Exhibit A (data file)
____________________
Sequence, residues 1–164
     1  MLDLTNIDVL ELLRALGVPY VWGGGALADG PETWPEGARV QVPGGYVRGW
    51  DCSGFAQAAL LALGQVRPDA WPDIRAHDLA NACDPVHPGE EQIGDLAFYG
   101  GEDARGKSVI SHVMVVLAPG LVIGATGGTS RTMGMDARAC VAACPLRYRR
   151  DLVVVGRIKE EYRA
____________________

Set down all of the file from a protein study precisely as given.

Sequence, residues 1–164
     1  MLDLTNIDVL ELLRALGVPY VWGGGALADG PETWPEGARV QVPGGYVRGW
    51  DCSGFAQAAL LALGQVRPDA WPDIRAHDLA NACDPVHPGE EQIGDLAFYG
   101  GEDARGKSVI SHVMVVLAPG LVIGATGGTS RTMGMDARAC VAACPLRYRR
   151  DLVVVGRIKE EYRA